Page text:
After riding the bench last year behind b, Locker won the starter’s job in training camp and looked good in early September before shoulder injuries sidelined him for weeks.

Locker is back now, and with a TD-to-interception ratio of 7-4 he has a passer rating of 84.5, better than that of all rookies except RG3 and Russell Wilson.

Christian Ponder seemed to have turned the corner in Year 2 of starting for the Minnesota Vikings, but he hit a wall a month ago, reverting to his scattershot, mostly ineffective rookie form.

It says here that it’s no coincidence Ponder’s plummet began the week the Vikings lost one of the league’s most prolific and dynamic wide receivers in 2012, Percy Harvin (to a badly sprained ankle).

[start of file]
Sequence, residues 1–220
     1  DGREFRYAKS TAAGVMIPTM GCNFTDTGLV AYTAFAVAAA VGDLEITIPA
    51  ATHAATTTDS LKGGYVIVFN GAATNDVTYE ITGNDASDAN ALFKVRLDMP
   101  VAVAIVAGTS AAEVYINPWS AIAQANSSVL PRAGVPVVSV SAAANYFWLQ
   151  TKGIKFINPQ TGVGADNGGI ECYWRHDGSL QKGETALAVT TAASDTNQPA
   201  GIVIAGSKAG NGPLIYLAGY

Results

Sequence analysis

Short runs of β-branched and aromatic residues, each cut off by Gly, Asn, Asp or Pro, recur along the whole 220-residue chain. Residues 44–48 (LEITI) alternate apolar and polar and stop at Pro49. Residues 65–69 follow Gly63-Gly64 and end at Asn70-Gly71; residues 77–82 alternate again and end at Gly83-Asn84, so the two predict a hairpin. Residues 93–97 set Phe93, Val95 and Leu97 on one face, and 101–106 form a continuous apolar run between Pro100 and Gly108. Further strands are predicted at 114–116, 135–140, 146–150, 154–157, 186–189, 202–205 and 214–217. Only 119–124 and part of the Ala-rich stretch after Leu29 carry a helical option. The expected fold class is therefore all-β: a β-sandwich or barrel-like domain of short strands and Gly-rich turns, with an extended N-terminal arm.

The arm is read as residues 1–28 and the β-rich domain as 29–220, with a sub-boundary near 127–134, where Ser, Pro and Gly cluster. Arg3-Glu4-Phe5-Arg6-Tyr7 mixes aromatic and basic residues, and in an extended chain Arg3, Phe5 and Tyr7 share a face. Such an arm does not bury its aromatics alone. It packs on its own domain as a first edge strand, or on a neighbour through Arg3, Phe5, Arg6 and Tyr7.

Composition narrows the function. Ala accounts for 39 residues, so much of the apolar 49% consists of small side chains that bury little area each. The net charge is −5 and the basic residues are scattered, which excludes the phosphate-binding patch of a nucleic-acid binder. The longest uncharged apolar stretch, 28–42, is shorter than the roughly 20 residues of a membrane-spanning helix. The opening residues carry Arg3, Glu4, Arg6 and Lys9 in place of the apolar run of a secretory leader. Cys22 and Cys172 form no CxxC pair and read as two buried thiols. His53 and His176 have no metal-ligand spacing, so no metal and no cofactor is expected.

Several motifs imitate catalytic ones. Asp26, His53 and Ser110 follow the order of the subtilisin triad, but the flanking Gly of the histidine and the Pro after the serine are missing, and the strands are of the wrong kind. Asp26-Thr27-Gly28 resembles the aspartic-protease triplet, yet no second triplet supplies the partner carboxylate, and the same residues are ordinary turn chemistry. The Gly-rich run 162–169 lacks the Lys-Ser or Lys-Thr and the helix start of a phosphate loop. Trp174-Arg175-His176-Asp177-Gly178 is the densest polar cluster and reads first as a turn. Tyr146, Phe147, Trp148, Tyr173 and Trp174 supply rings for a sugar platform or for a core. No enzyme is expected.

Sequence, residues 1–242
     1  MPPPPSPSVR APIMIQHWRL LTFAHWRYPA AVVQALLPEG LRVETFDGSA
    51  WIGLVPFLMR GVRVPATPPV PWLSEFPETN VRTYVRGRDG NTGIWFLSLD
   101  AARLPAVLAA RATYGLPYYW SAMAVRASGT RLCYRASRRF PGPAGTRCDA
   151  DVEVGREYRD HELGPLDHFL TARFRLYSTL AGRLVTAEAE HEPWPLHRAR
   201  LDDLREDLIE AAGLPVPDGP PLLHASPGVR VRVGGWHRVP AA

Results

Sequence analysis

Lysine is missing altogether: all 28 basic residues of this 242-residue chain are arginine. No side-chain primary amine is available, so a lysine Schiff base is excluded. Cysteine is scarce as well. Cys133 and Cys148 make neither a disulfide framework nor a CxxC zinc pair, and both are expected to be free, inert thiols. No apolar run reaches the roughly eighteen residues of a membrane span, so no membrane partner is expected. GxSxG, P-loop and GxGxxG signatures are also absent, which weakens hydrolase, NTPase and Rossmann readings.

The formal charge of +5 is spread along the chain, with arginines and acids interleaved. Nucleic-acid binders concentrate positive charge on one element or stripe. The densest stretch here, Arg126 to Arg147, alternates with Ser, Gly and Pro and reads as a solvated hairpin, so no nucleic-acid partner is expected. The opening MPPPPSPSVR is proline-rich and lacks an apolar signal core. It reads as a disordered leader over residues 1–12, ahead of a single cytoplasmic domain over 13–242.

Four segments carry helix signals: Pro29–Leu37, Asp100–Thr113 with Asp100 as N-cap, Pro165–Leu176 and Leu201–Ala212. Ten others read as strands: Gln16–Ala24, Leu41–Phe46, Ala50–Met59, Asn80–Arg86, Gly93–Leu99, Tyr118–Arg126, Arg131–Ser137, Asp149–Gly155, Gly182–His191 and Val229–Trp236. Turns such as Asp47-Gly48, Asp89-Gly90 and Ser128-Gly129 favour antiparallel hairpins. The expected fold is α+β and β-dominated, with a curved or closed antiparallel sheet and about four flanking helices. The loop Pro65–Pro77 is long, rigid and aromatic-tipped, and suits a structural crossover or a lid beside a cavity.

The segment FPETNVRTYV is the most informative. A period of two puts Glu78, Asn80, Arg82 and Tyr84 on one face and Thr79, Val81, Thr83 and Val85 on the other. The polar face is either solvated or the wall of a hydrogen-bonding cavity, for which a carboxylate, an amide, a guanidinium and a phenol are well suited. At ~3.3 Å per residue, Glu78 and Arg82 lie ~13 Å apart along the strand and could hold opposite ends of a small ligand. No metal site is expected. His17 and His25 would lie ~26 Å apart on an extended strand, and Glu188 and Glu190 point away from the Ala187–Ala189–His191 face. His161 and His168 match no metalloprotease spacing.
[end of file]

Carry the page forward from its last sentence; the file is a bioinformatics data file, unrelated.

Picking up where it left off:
Observers of the Jacksonville Jaguars’ Blaine Gabbert in spring workouts and summer training camp were convinced he was no longer the way-over-his-head rookie. His passes were snapping, his accuracy much improved and his confidence in the pocket actually detectable.

Then the season started.

Until he was lost for the year a week ago Sunday in Houston, Gabbert was barely better. That discarded Dolphin Chad Henne has been lighting it up the past two weeks with the same Jaguars cast is further indictment of Gabbert’s play.

Finally, there’s Colin Kaepernick.

He has started fewer NFL games than any of the second-years – two, both in the past two weeks. Yet already Kaepernick has shown more upside than most of the newbies.

That Niners head coach Jim Harbaugh would bench Alex Smith – who only led Frisco to within an overtime field goal of the Super Bowl last year – in favour of Kaepernick last week in New Orleans tells you how much his own coaches think of him.